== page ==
Ep. 192: Prioritizing Your Protein

By: Cassy Joy
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On today's solo episode, I'm talking about how to prioritize your proteins in a way that makes sense for YOU.  We will chat through common meat classifications, what certain terms mean, and some good, better, best options for you and your family!

prioritizing your protein

 

We're back with our 192nd episode of the Fed+Fit Podcast! Remember to check back every Monday for a new episode and be sure to subscribe on iTunes!

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Episode 192 Links:

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Episode 192 Sponsors and Featured Partners

  • Nutritional Therapy Association – The NTA trains and certifies Nutritional Therapy Practitioners and Consultants with a nutritional foundation that emphasizes the body’s innate intelligence and bio-individuality, because they know that a “one size fits all” approach to nutrition does not exist.  Head HERE to learn more about becoming a NTP/NTC through this incredible program!
  • Pride of Bristol Bay – Sustainable, hiqh-quality, nutritious, and wild-caught Alaskan Sockeye Salmon delivered right to your door!  Use the code “fedandfit” to get $40 off your first order!

Episode 192 transcription

Cassy Joy: Today’s show is brought to you by the Nutritional Therapy Association! The NTA trains and certifies nutritional therapy practitioners and consultants with a nutritional foundation that emphasizes the body’s innate intelligence and bioindividuality. Because they know that a one-size fits all approach to nutrition does not exist.

The NTA curriculum focuses on the importance of properly prepared, nutrient-dense whole foods, paired with a well balanced lifestyle. Sound familiar? I love this program so much. Throughout their program, students learn a wide range of educational tools and techniques to identify and correct nutritional imbalances and deficiencies. And students graduate with the education and skills needed to launch a successful career in holistic nutrition.

May enrollment for the NTA’s nutritional therapy practitioner program, or their fully online nutritional therapy consultant program, is currently open through April 26. You can head to www.NutritionalTherapy.com to get more info. The NTA’s annual conference, Roots, is also happening March 1st through the 3rd in Portland, Oregon. I’ve attended in the past, and can honestly say it was one of the most educational and inspirational nutrition conferences I have ever been to. No joke. You can go to the NutritionalTherapyConference.com to register. You do not have to be an NTP to go; all are welcome.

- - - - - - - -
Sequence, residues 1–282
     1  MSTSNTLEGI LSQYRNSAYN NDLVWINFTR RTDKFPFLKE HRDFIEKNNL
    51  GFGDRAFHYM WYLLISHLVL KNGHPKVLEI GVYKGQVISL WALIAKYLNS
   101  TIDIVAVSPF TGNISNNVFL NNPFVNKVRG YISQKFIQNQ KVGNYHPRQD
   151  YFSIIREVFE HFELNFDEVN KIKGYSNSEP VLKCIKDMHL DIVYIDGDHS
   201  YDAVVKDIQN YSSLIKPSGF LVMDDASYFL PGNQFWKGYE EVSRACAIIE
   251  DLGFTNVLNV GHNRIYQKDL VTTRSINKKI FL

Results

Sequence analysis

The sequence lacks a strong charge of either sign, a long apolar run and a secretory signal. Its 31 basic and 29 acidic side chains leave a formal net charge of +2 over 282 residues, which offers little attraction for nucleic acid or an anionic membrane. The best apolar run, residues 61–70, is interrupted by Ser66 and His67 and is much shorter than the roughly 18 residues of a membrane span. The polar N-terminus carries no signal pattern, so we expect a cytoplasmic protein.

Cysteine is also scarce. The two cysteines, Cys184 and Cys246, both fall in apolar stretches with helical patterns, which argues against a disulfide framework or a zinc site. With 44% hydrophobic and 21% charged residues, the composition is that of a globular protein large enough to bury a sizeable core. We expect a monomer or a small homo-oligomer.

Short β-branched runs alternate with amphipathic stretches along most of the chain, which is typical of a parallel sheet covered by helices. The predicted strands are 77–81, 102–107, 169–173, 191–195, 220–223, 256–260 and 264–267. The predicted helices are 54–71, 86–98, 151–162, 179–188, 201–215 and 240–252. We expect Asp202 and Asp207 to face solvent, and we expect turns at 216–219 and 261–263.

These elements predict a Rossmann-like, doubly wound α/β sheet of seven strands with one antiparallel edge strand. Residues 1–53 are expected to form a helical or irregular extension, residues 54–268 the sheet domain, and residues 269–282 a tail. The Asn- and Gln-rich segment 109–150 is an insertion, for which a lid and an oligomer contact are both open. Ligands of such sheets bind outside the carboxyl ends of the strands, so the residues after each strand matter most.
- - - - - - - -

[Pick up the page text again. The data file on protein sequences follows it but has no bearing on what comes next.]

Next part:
Cassy Joy: Welcome back to another episode of the Fed and Fit podcast. I am your host, Cassy Joy Garcia. And today we’re back with a little geeky skincare. No, sorry! {laughing} Not skincare science. Although, I guess what we’re talking about today could actually yield some skin results. Some healthy skin.

We’re talking today about healthy protein. Geeky protein nutrition facts. That’s what I wanted to say. This is a question I get a lot. And the base of the question is; I hear you. I want to switch my family. Our groceries over to healthier options. I really understand why. But it’s so intimidating because of the price tag. If I go to the store and I buy nothing but organic, and grass-fed, and wild, then I feel like I can feed my family for two nights before I’ve blown our grocery budget.

And I hear you. I really, really do. So what we’re going to talk today about is really how to prioritize your protein budget. And then we’re going to give a good amount of background information on what you might want to know leading up to that decision. And at the end of the day; you do you. You do what makes the most sense for you and your family. I can tell you at the end of the episode what I do with my family. Let me make a note of that so I don’t forget. {laughs} So I can make sure to recap on that, so you have a good idea of how we make real life decisions.

So, why are we talking about animal-based proteins only? That’s all I’m focusing on in this one. I’m not going to talk about vegetable-based protein sources. And that is because; this is my nutrition expertise/bias. Because everyone has their own. At the end of the day, I really do believe that animal protein is the best form of protein for the human body. It is the most, according to the literature that I have studied, the most bioavailable source of protein. I’m talking about eggs; some dairy, we could really debate that. We could really split hairs. But definitely meat, fish, and poultry.

Meat-based protein also have no limiting amino acids, unlike their cousins on the plant-based side. For example, soy does not have a complete amino acid profile. And that’s really why we need protein, right? That’s why need some kind of protein on our plate. Because it has amino acids that make up that larger, pretty protein. And those amino acids; all of them. The full spectrum of them, is what our body really needs to regenerate cells and all kinds of good things.